Fun, but little known facts about the Alamo.
The Search for the Saints
Archaeologist, Jake Ivey examines the puzzle of the elusive Alamo
statues. When were they in place and when did they disappear?
was Marcus Sewell?
Some sources say that Alamo defender Marcus Sewell was born in England
around 1806. Others state that Sewell was born in Tennessee having
lived for a time near Huntsville, Alabama before his migration to
Texas. Genealogist Frances Trimble attempts to solve the puzzle surrounding
this enigmatic defender.
John Bryant explores the various Bowie knives that claim to be THE
Mexican citizenship papers.
The Bowie and
Transcriptions and Translations by Robert L. Tarín, Jr.
of the Republic
A new republic needed money. Read about it in
this numismatic saga.
The Recollections of S.F. Sparks
The remembrances of a Texas Revolutionary war soldier in his own words.
"A Second Rate Hog Pen"
Lipantitlán and the Battle of the Nueces, 1835 By David Vickers
The New Orleans Greys Uniform
-- A Historical Perspective.
Historian Ed Miller presents intriguing evidence to the origins of
the Greys' uniforms.
Jackson's Men" & Army Gray: Clothing
the Volunteer Companies from N.O.
Robert P. Wettemann, Jr 's argument against Mr. Miller's article.
Discards, Ragamuffins &
the New Orleans Greys
Ed Miller's Rebuttal to Robert P. Wettermann Jr.
The Crockett Debates
Thomas Ricks Lindley and Dr. James E. Crisp square off in a 6-part
debate on the authenticity of the José de la Peña diary.
Where was Bonham?
A reader's Question prompts a hard look at the sources and story of
James Bonham's time in and out of the Alamo.
In early March, 1836, the unlikely town of Washington, a small, ramshackle
town, entered the history books as the birthplace of Texas.
New Yorkers at the Alamo
If for no other reason than this, New Yorkers should be forgiven for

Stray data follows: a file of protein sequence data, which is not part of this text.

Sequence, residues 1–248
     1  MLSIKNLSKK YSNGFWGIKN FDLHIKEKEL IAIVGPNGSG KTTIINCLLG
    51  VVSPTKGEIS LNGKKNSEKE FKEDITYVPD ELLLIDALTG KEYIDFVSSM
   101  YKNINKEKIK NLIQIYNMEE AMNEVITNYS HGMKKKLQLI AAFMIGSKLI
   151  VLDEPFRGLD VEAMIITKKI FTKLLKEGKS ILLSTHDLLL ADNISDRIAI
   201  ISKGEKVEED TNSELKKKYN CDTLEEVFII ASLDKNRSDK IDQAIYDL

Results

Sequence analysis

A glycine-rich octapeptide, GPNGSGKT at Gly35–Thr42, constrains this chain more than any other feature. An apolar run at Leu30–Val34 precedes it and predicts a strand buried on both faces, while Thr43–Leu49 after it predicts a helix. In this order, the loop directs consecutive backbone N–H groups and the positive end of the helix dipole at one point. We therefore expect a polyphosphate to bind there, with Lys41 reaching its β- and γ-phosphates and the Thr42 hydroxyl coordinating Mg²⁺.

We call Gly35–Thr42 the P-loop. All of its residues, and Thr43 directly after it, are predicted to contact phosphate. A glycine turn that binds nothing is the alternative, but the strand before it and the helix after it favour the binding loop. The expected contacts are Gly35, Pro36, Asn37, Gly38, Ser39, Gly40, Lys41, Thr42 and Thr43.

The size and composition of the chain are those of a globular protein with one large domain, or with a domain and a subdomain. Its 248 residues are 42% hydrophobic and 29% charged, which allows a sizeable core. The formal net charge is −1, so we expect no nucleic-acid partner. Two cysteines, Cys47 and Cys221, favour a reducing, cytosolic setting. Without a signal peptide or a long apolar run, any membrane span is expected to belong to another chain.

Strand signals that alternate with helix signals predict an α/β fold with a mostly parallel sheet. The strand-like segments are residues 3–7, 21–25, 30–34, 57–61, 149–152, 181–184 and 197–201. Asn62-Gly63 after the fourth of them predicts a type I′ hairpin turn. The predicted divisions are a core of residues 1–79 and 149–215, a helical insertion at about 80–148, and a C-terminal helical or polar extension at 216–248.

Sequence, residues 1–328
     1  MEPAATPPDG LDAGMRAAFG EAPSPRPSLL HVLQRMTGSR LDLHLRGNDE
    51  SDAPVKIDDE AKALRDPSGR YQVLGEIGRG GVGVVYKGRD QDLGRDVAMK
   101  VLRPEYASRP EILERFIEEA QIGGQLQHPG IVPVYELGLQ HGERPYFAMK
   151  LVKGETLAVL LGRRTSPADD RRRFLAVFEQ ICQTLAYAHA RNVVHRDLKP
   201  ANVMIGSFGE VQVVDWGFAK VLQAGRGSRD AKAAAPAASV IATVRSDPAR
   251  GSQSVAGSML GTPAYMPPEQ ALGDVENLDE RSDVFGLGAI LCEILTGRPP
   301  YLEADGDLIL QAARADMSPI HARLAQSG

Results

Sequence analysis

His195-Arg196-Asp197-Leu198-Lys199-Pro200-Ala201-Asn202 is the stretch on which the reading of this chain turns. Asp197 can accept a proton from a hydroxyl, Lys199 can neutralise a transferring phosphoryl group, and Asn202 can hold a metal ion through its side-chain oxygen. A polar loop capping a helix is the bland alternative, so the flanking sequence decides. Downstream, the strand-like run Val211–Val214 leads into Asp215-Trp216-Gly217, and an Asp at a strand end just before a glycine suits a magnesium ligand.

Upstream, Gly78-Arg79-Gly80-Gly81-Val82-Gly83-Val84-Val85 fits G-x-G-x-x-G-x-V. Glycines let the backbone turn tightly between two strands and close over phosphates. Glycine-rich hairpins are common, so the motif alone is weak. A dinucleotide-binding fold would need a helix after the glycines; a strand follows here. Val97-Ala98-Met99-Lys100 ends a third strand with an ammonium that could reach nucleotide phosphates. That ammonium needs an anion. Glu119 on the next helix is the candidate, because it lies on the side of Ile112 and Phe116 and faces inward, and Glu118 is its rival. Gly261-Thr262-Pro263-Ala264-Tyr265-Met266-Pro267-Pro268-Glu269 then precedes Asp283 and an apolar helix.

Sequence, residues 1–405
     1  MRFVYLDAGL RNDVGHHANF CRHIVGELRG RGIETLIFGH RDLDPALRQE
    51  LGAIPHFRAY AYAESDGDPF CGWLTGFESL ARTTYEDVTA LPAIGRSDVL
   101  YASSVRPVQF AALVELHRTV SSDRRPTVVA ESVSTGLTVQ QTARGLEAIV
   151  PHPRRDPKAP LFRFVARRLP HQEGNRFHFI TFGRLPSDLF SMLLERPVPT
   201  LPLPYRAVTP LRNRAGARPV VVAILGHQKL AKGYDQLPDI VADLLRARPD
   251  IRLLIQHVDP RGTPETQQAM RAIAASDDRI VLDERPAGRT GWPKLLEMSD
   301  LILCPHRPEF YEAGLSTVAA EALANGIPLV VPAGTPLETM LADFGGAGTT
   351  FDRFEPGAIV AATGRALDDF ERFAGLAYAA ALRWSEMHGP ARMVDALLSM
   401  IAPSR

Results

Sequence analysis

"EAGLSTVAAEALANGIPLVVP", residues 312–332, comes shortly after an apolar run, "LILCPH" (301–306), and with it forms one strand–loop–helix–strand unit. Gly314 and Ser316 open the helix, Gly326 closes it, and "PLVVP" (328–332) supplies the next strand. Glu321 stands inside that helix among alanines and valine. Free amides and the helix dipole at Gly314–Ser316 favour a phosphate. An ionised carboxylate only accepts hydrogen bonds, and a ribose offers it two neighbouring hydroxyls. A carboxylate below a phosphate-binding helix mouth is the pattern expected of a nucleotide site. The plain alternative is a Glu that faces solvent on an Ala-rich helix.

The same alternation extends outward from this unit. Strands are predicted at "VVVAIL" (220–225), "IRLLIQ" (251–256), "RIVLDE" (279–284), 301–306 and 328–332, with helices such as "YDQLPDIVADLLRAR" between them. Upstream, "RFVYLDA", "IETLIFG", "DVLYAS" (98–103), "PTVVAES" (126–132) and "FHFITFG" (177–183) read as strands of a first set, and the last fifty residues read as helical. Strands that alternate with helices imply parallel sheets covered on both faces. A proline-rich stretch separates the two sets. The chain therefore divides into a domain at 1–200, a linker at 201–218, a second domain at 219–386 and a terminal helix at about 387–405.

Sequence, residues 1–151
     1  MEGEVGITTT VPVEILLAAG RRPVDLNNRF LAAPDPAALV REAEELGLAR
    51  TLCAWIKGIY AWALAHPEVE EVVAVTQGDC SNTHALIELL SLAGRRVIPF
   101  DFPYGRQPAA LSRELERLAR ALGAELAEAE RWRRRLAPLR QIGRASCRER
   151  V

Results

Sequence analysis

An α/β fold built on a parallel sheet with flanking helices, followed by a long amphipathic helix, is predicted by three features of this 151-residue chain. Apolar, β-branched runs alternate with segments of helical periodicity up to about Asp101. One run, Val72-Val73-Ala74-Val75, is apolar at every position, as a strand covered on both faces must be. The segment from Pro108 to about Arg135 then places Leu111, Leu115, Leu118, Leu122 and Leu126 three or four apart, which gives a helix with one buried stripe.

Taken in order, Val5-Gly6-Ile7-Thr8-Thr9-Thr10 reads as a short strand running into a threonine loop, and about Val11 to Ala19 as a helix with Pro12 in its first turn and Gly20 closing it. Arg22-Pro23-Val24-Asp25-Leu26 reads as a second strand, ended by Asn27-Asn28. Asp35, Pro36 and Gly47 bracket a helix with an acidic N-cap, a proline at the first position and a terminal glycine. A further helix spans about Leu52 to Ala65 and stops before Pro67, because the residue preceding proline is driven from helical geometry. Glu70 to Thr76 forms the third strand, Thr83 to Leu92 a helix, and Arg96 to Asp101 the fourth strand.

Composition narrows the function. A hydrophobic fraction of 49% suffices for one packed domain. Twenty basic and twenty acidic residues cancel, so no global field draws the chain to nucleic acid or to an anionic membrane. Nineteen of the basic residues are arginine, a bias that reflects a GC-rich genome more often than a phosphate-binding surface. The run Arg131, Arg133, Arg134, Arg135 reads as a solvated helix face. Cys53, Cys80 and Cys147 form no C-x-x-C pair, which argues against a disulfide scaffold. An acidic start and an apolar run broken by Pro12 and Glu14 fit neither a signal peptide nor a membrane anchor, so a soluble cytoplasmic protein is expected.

not knowing how to make a proper salsa.
Irish at the Alamo
Many of the Alamo defenders had their origins on the "Emerald Isle".
Account of Reuben Marmaduke Potter.
Written in 1878, this account was considered THE Alamo account of
Felix Nuñez Account and the Siege of the Alamo: A critical
The Nuñez Account, though riddled with error has been
widely used by historians without critical assessment. Dr. Stephen
L. Hardin offers this critique. Originally published in Southwestern
Fall of the Alamo ~The Account of Dr. John Sutherland
Written in 1860, this authentic account of that tragic event in the
history of Texas was compiled from facts known to the author and supported
by evidence of others who were witnesses to the siege and fall of
the Alamo together with a sketch of the life of the author by his
grand-daughter, Annie B. Sutherland.
Origins in Mexican Texas
This article by Dr. Andres Tijerina focuses on Texas between 1821
and 1836 in an effort to provide structure for an understanding of
the exchange of land, power, culture, and social institutions that
took place between the two frontiers during those critical years.
Historians have amply recorded the battles and the Anglo-American's